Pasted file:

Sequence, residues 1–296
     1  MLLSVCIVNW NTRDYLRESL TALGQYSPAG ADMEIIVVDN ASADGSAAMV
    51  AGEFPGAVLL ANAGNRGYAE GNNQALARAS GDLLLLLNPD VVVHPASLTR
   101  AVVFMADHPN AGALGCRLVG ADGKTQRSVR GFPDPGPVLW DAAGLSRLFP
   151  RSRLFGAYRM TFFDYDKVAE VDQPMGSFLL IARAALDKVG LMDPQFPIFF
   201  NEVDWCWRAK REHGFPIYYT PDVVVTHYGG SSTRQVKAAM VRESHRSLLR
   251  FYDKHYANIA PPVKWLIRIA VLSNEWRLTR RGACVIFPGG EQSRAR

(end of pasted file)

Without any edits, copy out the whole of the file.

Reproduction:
Sequence, residues 1–296
     1  MLLSVCIVNW NTRDYLRESL TALGQYSPAG ADMEIIVVDN ASADGSAAMV
    51  AGEFPGAVLL ANAGNRGYAE GNNQALARAS GDLLLLLNPD VVVHPASLTR
   101  AVVFMADHPN AGALGCRLVG ADGKTQRSVR GFPDPGPVLW DAAGLSRLFP
   151  RSRLFGAYRM TFFDYDKVAE VDQPMGSFLL IARAALDKVG LMDPQFPIFF
   201  NEVDWCWRAK REHGFPIYYT PDVVVTHYGG SSTRQVKAAM VRESHRSLLR
   251  FYDKHYANIA PPVKWLIRIA VLSNEWRLTR RGACVIFPGG EQSRAR